Black and other women of colour on the African continent and in the diaspora were also politically active from the 1960s onward. But they faced the dilemma of being torn between confronting the challenges they faced as women and those they faced as members of black communities. They were living in dire conditions of deprivation and involved in struggles for group emancipation or liberation from colonial rule.
Of course, we cannot ignore that much of the African nationalist rhetoric drew selectively from, and expanded on, the same European canon of human rights. The earliest protests of black South African women were as much about women asserting their right to make a living in the urban areas as they were about fighting to protect the integrity of the black family. This added to strengthening their communities as a whole.
In the current democratic era, black women’s negotiations of human rights continue to be a delicate balancing act. This is between personal needs and broader family or community needs. This arises from the awareness that both black men and women continue to struggle with colonial legacies of socio-economic deprivation.
Earlier this year, headlines heralded a national and global backlash against women’s rights. In South Africa the backlash is led by conservative males within government, religious authorities and so-called ‘traditional’ rulers, as well as the general public.
These groups have variously instigated, encouraged, aided or otherwise condoned violence against women. Such is their opposition to women achieving political equality and enjoying physical and economic autonomy.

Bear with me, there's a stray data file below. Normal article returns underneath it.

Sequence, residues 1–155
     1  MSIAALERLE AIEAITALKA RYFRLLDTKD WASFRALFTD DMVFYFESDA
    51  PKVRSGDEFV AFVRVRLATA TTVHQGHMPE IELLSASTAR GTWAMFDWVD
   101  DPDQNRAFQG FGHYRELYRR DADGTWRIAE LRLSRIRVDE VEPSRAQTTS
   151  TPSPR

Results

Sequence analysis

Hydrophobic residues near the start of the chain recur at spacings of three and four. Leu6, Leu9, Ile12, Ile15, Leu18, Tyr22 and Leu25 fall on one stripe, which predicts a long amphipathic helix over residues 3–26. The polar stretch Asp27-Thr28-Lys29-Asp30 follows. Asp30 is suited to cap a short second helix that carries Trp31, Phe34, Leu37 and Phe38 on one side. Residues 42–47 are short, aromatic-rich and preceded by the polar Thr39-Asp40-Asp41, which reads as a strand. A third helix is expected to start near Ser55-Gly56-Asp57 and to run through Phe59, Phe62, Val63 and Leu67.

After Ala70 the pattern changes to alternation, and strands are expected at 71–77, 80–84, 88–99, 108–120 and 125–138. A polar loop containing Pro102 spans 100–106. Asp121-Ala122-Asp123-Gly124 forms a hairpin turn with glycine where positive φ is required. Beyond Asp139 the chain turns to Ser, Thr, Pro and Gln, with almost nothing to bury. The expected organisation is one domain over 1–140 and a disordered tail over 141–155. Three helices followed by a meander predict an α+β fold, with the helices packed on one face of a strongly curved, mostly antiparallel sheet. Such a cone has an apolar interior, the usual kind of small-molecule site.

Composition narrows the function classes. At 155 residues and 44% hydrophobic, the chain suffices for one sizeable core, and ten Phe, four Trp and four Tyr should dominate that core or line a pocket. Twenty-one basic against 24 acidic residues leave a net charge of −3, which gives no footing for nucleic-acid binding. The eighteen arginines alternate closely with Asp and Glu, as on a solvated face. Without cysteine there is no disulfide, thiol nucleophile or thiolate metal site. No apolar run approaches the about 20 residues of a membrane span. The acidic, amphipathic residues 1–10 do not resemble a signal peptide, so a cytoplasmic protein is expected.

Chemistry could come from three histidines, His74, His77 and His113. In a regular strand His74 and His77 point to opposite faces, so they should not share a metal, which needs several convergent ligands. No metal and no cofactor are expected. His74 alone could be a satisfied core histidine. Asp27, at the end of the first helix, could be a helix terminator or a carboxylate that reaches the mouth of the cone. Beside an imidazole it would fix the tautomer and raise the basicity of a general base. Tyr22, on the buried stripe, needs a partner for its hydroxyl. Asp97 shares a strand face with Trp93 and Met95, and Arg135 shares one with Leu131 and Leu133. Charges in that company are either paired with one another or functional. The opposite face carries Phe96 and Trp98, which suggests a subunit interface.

The groups are also implicated in the conception of legislation that seeks to limit women’s freedom of expression and reproductive rights. They also seek to create ‘cultural’ enclaves of male privilege where women’s access to criminal or social justice would be reduced.
Evidence of this backlash is rarely visible to the public, where political correctness makes women bite their tongues. What the headlines don’t show is that the backlash may also come from women. Some recent prominent examples include:
- The presence of women among President Jacob Zuma’s supporters at his rape trial despite the apparently sexist assumptions expressed by the defence team and presiding judge, and
- The ANC Women’s League president’s declaration that South Africa was not ready for a female head of state.
There is collective sense of betrayal when a woman is perceived to bring a black male leader under negative public scrutiny. The stakes are even higher when this public scrutiny involves observers from outside the ‘community’. The figure of the ‘strong black male’ leader continues to be the vanguard of liberation.
Alliances between white and black feminists and black women generally continue to be volatile. This is for the simple reason that white women’s dominance in women’s human rights discourse persists, pitting black women against African cultures. These are characterised as intrinsically oppressive.
Both white and black women’s rights activists need to realise that, for black women, demands for equal dignity and fairness do not necessarily entail a desire to do away with male leadership in the home, community and country.
Moreover, we can expect a level of scepticism about campaigns aimed at eliminating gender-based violence if the women’s rights message trumps the community collaboration message. Studies and media coverage of such violence also need to go beyond focusing mainly on black males as the aggressors.